Poster Presentation First Malaria World Congress 2018

Relationship between relapse and weight-adjusted dose of primaquine in Korean vivax malaria (#487)

Hye Seong 1 , Seong Yeon Park 2 , Yoon Soo Park 3 , Yoonseon Park 3 , Yee Gyung Gwak 4 , Je Eun Song 4 , Kkot Sil Lee 5 , Shin Hyeong Cho 6 , Sang Eun Lee 6 , Hyun Il Shin 6 , Kyung Soo Park 7 , Choon Ok Kim 8 , Joon Sup Yeom 1
  1. Department of Internal Medicine, Yonsei University College of Medicine, Seoul, Republic of Korea
  2. Department of Internal Medicine, Dongguk University Ilsan Hospital, Goyang, Republic of Korea
  3. Department of Internal Medicine, NHIS Ilsan Hospital, Goyang, Republic of Korea
  4. Department of Internal Medicine, Inje University Ilsan Paik Hospital, Goyang, Republic of Korea
  5. Department of Internal Medicine, Myongji Hospital , Goyang, Republic of Korea
  6. Korea Center for Disease Control and Prevention, Cheongju, Republic of Korea
  7. Department of Pharmacology, Yonsei University College of Medicine, Seoul, Republic of Korea
  8. Department of Clinical Pharmacology and Clinical Trials Center, Severance Hospital, Yonsei University Health System, Seoul, Republic of Korea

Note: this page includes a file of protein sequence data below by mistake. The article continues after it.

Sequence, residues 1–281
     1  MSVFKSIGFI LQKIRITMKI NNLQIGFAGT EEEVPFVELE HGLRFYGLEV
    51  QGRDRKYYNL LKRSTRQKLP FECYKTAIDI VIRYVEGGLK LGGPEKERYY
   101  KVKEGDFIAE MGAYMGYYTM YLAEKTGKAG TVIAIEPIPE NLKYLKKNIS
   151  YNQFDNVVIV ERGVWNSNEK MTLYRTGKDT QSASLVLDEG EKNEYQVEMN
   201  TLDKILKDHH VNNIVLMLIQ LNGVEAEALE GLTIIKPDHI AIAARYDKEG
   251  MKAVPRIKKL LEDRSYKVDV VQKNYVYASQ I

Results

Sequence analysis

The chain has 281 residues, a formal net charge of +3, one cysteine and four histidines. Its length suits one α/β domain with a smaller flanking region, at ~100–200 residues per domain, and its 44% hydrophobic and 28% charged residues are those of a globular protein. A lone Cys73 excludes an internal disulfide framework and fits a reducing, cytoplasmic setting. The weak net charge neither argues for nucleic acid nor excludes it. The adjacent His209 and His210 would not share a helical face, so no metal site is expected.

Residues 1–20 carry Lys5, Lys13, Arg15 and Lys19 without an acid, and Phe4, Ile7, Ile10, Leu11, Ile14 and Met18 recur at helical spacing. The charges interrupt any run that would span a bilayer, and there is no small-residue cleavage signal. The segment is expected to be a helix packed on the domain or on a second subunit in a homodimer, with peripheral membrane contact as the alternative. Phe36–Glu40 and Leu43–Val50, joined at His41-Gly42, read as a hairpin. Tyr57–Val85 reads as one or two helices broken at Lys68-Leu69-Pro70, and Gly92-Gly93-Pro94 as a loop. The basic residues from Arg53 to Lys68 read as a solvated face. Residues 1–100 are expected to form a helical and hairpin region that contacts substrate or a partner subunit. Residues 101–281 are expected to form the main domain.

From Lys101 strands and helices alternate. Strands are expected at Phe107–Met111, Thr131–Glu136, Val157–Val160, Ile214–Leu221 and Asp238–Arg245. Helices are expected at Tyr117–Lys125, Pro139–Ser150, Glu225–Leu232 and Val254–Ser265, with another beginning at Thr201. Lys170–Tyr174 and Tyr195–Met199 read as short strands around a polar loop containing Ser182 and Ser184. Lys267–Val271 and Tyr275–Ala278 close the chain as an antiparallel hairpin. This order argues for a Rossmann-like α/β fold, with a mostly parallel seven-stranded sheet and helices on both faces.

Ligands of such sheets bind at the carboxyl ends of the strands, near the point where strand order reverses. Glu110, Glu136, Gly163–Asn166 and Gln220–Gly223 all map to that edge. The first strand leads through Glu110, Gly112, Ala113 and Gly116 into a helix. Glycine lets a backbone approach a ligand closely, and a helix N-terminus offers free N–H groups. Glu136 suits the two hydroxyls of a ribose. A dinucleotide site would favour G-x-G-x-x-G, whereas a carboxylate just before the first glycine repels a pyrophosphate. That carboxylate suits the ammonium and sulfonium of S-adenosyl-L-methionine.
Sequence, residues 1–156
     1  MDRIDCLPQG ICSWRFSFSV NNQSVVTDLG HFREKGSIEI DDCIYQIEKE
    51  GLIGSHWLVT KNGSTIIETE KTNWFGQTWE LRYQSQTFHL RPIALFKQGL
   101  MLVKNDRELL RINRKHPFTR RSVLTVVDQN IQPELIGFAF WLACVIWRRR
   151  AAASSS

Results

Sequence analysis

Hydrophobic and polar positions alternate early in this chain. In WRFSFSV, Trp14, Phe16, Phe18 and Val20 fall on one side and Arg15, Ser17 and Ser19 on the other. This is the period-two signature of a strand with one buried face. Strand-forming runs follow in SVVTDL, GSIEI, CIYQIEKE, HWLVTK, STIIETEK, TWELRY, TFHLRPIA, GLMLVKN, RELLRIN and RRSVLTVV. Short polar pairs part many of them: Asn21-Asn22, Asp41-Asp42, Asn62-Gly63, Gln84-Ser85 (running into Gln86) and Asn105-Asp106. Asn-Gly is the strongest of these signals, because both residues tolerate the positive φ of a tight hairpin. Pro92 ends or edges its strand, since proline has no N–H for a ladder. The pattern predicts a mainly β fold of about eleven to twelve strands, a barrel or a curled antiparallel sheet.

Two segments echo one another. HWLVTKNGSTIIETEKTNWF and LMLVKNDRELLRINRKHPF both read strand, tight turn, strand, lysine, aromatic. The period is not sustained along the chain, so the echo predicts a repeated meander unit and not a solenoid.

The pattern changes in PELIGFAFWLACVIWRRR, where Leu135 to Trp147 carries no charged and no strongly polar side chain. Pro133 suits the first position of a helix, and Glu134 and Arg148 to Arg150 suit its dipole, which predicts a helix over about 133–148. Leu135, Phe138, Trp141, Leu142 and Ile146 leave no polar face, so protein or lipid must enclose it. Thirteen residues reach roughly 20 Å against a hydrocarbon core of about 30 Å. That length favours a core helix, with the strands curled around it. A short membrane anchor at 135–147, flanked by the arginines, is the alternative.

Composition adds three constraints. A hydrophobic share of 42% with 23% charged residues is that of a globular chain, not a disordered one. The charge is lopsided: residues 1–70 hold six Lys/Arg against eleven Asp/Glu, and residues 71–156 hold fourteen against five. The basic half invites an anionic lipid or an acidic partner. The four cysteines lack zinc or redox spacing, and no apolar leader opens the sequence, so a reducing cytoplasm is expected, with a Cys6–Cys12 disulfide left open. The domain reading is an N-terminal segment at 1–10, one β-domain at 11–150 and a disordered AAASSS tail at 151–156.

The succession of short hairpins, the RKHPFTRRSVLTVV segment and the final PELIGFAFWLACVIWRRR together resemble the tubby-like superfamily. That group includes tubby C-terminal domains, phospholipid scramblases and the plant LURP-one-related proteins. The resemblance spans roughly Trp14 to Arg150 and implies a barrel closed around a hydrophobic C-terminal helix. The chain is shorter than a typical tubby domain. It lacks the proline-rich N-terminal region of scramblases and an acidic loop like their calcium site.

Aims: For radical cure of Korean vivax malaria, primaquine 15 mg base daily for 14 days is the standard regimen. However, this fixed dose of primaquine regimen might not meet the World Health Organization (WHO) guidance (0.25mg per kg per day) if the patients’ body weight exceed 60kg. The aims of this study were to 1) assess the relapse rate under the current standard primaquine regimen, and 2) reveal the risk factor for relapse in Korean vivax malaria.

Methods: We retrospectively reviewed the medical records of 1448 Korean vivax malaria patients from five general hospitals located in malaria endemic area between January 2000 and December 2016. Patients younger than 18 years old were excluded. Treatment consisted of hydroxychloroquine (2000 mg base administered over 3 days) plus primaquine (15 mg base/daily for 14 days). Patients were divided into two groups: relapse group and non-relapse group. We compared and statistically analyzed those two groups to reveal the risk factor for relapse. Furthermore, 24 health individuls 12 people with BMI less than 25 vs 12 people with BMI above 25) were recruited to analyze difference in primaquine pharmacokinetics.

Results: Among total 1448 cases, there were 41 relapsed cases and 1407 none-relapse. Overall, relapse rate of was 2.83%. There were significant differences between relapse vs. non-relapse groups in mean total administered dose of primaquine (0.21.±0.05 mg/kg vs. 0.25±0.09 mg/kg, p<0.001). Multivariate analysis identified older age (1.02(1.0-10.5), p=0.048), body weight exceeding 60kg (5.81(1.76-19.2), p=0.004), and primaquine dose under 0.25mg/kg/day (4.19(1.61-10.9), p=0.003) as risk factors. Pharmacokinetic analysis of primaquine in normal (BMI£ 25) vs obese (BMI>25) showed about 38% lower concentration in obese individuals.


Conclusions: For radical cure of Korean vivax malaria, administration of 15mg base of primaquine regardless of body weight may pose higher risk of relapse.